Leon Jacobowitz-Efron

Dante in Pistoia: the frescoes of the Cappella del Giudizio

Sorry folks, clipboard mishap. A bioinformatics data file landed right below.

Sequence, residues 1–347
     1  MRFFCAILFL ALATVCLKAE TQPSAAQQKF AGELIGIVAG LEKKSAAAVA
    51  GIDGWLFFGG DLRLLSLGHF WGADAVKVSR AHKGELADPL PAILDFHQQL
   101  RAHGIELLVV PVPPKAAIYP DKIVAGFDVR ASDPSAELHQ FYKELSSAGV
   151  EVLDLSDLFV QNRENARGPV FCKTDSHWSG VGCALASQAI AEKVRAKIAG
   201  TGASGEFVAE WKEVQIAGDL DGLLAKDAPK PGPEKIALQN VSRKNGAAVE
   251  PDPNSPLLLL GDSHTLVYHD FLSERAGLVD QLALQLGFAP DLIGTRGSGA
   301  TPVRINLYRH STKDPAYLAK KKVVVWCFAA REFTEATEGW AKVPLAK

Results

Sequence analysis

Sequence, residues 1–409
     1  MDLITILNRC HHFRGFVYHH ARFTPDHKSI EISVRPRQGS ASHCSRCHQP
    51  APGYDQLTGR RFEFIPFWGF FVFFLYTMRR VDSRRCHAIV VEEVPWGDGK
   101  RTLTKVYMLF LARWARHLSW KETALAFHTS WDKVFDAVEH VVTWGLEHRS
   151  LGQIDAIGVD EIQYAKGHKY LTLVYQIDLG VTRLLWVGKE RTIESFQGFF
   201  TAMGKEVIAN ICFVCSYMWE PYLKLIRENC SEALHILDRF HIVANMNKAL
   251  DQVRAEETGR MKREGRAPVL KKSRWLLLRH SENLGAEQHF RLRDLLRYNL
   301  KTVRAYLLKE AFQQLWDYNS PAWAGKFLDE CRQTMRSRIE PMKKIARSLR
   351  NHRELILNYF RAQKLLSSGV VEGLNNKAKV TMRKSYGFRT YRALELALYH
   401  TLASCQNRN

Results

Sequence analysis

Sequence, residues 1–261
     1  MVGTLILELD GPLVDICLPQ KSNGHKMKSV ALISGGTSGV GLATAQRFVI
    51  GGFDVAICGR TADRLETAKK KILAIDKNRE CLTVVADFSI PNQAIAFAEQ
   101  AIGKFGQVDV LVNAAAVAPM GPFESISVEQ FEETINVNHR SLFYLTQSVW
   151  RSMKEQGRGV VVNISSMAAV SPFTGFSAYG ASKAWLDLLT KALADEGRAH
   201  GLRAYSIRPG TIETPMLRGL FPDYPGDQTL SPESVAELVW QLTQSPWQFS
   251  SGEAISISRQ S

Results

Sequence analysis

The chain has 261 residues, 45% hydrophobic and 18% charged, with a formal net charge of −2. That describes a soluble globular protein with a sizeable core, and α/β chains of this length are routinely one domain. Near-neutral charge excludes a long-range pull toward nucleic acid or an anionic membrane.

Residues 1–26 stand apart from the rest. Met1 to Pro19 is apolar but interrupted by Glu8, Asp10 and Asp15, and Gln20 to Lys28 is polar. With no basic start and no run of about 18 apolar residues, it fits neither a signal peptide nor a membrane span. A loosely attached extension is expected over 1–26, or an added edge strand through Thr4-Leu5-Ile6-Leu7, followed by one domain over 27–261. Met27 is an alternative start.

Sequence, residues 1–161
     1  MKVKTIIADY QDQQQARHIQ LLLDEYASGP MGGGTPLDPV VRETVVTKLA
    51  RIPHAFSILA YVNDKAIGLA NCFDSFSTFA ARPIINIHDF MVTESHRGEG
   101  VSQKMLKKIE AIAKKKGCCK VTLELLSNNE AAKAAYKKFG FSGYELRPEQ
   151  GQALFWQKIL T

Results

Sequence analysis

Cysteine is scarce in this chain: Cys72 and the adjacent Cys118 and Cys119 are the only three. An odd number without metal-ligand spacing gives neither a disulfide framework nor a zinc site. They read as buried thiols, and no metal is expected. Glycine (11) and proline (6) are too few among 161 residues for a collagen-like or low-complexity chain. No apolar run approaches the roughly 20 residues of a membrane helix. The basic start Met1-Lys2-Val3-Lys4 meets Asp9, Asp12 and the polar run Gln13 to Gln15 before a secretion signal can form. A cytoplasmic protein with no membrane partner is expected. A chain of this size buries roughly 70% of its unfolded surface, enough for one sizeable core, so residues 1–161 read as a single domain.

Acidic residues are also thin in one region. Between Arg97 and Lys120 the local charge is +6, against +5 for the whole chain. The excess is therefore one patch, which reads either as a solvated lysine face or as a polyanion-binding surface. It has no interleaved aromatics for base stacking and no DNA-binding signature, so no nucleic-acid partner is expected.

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This article examines the fifteenth century fresco fragments of the Cappella del Giudizio in Pistoia's San Zeno cathedral. It recognizes the hitherto unidentified subject matter of the heavily damaged fresco on the west wall to be part of a depiction of Dante's Inferno, showing it was a rendering of Nardo di Cione's cycle from the Cappella Strozzi di Mantova of Santa Maria Novella in Florence. This identification validates that Dante's imaginative portrayal of the afterlife was reproduced visually outside of Florence, and that the Comedy was used as a graphic vocabulary for religious artwork outside of Dante's native city. The article further shows the political context that may have affected the choice to render the Strozzi version in Pistoia, and places the Cappella del Giudizio within the context of Dante's religious reception, showing that by the time it was painted Dante was already considered a paragon of vernacular-secular piety, worthy of being cited by preachers, as well as «cited» on church walls in the form of frescoes.

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